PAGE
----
TOPEKA, Kan. (WIBW) - Not all babies surprise us with their arrival. Over the past 20 years, the number of inductions - where labor is started for mom - and C-sections has more than doubled.
The trend has given birth to new problems. Dr. Sue Hall, a neonatalogist in Stormont-Vail's NICU, says the past thinking was that a baby born at term - anywhere from 37 to 40 weeks - would be fine. However, new studies are showing births at 37 and 38 weeks carry an increased risk for the fetus.
Hall says, as scheduled deliveries increased, so have the number of babies in the NICU. The risk of death for a baby born at 37 weeks, while still low at 4 in every 1000 births, is twice as high as a baby born at 39 weeks.
New research shows just how much happens in those extra weeks, including brain growth. A baby's brain at 35 weeks is two thirds the size it is at 40 weeks.
Hall says, in addition to brain growth, those extra weeks also are critical for lung development, gaining weight to help baby stay warm when they're born and neurological maturation for functions such as strengthening the suck and swallow that helps baby eat well.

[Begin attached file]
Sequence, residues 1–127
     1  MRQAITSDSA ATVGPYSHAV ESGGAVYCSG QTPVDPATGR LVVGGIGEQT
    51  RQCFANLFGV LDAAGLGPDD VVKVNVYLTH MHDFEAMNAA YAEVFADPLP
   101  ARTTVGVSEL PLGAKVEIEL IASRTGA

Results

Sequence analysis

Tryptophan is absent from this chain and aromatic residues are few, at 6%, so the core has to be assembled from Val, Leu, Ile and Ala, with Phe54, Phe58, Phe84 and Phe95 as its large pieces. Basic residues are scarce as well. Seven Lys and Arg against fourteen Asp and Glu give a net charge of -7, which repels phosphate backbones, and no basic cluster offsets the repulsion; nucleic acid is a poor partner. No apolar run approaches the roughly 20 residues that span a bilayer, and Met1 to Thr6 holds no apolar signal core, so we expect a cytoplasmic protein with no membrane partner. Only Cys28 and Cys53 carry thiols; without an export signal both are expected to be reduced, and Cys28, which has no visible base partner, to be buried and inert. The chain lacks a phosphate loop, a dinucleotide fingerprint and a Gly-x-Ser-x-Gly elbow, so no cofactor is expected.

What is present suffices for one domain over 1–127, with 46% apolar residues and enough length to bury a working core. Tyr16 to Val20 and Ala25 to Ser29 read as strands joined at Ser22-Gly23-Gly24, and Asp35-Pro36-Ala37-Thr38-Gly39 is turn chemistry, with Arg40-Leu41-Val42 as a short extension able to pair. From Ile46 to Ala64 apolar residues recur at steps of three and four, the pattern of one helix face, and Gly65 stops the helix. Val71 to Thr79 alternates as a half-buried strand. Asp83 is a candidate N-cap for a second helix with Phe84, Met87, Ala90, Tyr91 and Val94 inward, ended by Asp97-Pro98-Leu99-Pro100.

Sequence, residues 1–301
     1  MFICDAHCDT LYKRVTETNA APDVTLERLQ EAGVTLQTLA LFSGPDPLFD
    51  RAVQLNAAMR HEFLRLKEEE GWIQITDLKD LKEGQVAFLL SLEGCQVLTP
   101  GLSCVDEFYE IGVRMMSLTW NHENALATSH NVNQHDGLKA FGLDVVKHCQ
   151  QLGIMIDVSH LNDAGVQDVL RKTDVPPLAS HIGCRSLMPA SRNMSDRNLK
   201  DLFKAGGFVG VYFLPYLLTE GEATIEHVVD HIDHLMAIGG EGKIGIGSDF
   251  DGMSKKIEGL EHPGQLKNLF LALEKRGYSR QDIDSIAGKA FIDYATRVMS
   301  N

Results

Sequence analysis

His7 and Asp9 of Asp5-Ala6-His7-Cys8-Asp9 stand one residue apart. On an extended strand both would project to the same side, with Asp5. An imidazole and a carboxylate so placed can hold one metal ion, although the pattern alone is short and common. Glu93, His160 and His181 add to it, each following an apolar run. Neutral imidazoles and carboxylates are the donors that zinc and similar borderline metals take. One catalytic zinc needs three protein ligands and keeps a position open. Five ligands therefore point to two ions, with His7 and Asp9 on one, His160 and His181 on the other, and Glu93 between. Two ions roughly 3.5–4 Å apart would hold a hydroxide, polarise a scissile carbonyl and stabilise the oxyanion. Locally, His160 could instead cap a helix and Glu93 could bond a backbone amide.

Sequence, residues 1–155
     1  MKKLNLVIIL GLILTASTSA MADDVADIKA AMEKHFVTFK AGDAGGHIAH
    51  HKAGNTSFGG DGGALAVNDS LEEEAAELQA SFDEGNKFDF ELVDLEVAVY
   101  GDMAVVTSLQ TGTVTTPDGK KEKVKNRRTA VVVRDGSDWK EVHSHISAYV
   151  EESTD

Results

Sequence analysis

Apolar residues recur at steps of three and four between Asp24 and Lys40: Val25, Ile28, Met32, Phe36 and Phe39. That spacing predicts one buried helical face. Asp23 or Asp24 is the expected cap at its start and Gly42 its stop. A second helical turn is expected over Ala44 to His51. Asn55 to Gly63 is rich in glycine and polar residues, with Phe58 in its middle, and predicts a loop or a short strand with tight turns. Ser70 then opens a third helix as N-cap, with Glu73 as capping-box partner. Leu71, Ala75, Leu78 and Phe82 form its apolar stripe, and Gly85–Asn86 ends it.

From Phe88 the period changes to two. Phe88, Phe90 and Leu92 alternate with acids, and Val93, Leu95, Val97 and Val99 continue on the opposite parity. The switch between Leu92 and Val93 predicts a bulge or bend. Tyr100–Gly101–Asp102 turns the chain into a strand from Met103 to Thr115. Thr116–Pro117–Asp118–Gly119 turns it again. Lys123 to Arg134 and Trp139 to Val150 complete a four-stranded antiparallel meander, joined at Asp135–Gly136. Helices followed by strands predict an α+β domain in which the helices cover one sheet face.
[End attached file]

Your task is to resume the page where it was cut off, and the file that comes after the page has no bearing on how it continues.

The new evidence spurred the March of Dimes to launch its "39 Weeks Campaign." Moms thinking about delivering before that time, or whose doctor suggests it, should ask why. Hall says maternal health problems, such as high blood pressure or diabetes, or risks to the fetus, such as a baby not growing well, could prompt the doctor to decide the benefits of delivering early may outweigh any risks.
If a mom's body naturally goes into labor after 37 weeks, Hall says, don't worry. She says that's usually a sign baby is ready. Natural deliveries, she says, tend to have better outcomes.
Hall says women should call their doctor right away if they go into early labor, especially before 37 weeks, since babies born prematurely have even greater risk of complications.